Introduction

Six-Figure Job Interview Guide

My Interview Guide – Tips & Tricks That Helped Me Land Six-figure Job Offers

 Let’s be clear right from the start. This online training course is not here to help you cheat your way through an interview, nor can I guarantee that you will get a six-figure job. Knowing how to interview for a job does not replace the need for a good education (not necessarily a college education, though), and it does not replace the need to gain experience in your field of expertise. There is no shortcut to either one. Both are usually needed to land a job that pays upward of $100,000 per year. Of course this training course is not just for people who want to earn a six-figure income, but it sure does not hurt to have something that keeps you motivated.

Over the course of my career, I had quite a few job interviews for jobs that paid $100,000 or more per year, and I had quite a few job offers for those jobs, too. This online training course contains what helped me to master these sometimes extremely difficult interviews and now I am happy to share this with you. The good news is that the skills you will learn from course do not apply just for jobs that have the potential to pay in the six-figure range (hundred thousand and up) – these skills are invaluable when applying for your first real job out of college or somewhere along the way.

While you can “cheat” your way into a new job, I highly recommend not doing so. It will become apparent quickly that you are not up to the challenge, and they will kick you out of the building very fast as a result.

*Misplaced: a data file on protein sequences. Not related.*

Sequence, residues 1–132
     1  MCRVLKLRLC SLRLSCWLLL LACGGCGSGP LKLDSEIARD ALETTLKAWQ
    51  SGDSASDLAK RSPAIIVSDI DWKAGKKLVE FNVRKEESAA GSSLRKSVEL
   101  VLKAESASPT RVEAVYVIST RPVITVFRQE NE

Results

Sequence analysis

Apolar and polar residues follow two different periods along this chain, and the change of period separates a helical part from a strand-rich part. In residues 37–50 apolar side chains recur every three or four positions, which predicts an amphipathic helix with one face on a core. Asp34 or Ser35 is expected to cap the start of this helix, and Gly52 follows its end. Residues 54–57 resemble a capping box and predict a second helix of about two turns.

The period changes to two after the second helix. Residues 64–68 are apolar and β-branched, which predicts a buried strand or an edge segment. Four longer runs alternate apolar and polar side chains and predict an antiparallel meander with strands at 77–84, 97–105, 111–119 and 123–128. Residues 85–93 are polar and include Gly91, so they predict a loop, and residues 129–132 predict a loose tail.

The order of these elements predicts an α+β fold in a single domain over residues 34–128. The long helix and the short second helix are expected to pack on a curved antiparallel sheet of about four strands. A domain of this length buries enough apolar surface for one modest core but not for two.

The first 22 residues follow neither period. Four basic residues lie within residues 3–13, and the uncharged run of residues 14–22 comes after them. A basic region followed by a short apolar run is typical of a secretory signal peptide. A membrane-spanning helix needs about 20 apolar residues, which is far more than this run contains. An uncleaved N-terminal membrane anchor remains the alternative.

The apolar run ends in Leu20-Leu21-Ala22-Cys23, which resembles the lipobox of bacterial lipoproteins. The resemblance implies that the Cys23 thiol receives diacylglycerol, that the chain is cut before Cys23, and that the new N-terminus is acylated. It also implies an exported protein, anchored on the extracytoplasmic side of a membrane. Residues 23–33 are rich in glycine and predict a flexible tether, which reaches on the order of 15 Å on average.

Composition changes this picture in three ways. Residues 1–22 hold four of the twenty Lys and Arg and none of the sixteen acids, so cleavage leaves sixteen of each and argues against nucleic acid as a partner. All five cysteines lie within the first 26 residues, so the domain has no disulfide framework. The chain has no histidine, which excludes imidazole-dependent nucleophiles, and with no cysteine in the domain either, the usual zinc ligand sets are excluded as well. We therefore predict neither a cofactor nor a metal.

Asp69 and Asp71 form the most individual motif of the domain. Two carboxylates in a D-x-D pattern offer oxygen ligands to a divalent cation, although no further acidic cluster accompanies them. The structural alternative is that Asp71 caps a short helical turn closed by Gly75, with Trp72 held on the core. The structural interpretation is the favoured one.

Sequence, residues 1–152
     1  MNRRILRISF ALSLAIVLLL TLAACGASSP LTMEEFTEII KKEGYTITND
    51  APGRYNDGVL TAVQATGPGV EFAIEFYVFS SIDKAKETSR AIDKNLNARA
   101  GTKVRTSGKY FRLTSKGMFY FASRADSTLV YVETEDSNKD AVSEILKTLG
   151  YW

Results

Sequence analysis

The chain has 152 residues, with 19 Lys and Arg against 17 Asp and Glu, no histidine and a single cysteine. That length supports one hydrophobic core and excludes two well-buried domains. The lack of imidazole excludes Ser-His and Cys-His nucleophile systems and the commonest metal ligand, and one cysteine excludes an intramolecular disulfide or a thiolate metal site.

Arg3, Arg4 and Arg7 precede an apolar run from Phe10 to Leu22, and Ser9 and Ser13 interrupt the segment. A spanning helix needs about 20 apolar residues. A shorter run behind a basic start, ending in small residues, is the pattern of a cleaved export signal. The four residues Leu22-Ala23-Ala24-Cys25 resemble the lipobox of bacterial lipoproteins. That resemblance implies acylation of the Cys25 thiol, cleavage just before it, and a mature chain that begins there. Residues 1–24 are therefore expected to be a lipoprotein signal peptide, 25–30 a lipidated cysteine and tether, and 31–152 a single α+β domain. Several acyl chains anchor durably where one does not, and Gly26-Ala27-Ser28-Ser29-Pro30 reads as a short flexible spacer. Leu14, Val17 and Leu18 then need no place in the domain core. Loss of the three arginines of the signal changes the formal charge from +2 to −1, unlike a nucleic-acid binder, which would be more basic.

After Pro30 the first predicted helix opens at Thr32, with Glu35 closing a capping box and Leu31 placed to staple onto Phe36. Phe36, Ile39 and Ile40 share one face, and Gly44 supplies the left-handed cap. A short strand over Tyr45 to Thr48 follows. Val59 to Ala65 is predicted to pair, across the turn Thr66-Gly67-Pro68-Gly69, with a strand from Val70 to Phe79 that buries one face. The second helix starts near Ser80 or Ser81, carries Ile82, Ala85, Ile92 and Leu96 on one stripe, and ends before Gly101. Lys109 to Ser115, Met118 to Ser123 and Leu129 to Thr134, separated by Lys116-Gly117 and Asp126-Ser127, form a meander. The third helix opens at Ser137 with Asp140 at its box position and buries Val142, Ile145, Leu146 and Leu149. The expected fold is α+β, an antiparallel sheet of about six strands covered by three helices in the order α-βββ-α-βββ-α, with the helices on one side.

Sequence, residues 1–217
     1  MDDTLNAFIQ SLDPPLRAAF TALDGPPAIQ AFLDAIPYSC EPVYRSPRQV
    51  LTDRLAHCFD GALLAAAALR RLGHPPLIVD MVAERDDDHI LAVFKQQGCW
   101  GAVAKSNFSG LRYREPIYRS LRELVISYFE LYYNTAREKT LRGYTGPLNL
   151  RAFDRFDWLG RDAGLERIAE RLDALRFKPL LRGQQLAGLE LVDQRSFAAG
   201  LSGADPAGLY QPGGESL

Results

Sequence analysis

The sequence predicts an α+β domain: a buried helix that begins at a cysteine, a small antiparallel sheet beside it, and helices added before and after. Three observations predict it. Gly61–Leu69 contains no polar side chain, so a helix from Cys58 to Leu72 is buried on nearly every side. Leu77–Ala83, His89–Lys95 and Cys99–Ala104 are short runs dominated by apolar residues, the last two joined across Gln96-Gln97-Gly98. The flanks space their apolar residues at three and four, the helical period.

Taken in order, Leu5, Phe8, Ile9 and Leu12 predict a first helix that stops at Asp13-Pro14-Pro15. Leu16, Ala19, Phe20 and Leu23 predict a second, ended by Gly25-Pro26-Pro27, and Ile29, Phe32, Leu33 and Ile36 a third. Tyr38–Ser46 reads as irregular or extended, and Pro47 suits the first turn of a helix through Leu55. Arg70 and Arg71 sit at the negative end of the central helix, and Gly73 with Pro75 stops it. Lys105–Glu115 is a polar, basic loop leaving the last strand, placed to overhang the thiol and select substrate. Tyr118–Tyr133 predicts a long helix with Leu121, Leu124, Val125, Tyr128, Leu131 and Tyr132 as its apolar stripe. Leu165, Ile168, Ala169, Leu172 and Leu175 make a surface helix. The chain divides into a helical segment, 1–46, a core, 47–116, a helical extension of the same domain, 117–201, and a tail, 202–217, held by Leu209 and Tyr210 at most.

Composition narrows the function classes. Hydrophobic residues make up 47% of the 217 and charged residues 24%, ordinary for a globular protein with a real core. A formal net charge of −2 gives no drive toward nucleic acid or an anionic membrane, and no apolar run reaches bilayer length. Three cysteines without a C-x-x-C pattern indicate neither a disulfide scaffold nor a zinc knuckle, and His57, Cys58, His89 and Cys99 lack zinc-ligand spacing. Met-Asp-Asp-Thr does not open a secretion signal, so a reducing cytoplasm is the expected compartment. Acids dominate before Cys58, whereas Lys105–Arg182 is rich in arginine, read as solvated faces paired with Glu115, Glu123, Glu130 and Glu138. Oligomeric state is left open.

Learning how to successfully interview for a job is a skill you can learn. There are many components involved, and it will take some time to master the interview process repeatedly. But it is doable as long as you believe in yourself and don’t give up.

Personally I look at interviewing differently than many other people. I separate the interview process into smaller sections and then work hard to optimize my interview skills for each of these sections. By looking at an interview this way, you can see that it is often quite easy to gain an advantage compared to your competitors (I’ll tell you more about this later).

I highly recommend to interview for a job whenever you can. Each interview is considered training. Think about it: How long does it take professional athletes to become successful?! It takes years of practice. Want to get ripped and have strong muscles? Well, you will spend a lot of time at the gym, doing certain exercises over and over again. Repeat, repeat, repeat. Only repetition will allow you to become better at interviewing.

Even if you are employed for years, my recommendation would be to look outside of your current environment. Apply for a few jobs and interview at least twice a year, even if you are not in the market for a new job. It keeps you on your toes. Don’t count on being with the same company for the next 30 years of your career. Unfortunately, loyalty has lost out in corporate America – and employers were the first to kick loyalty out to the curb. Most companies would rather cut people in search of higher profits and outsource your tasks to somebody who can do it cheaper.

Working overtime and putting in a lot of work does not pay off very often anymore these days – even though you should always give your best before making a decision. For you as an employee, this means that you need to be ready to go job hunting at any point in time. I’ve had friends get laid off from work after being with the company for 17 years and after doing a lot of great work for the company. Sometimes this layoff happened for business reasons, and sometimes because of personal reasons between a manager and an employee.

Work is work. You are being paid to do a certain job. Do your job and give a fair value back for what you are being paid, but be ready to be cut loose at any point in time. If you end up finding one of those employers that still honors hard work and really cares about its employees – do whatever you can to hold on to it. Having worked at one of that magic places I can tell you it is worth it, but keep in mind that even the best place to work at can change.

Thank you for your purchase of this training course. I am sure you will find some valuable information inside this course that will help you to successfully master job interviews – no matter the pay scale.

Best Regards,

Christoph Puetz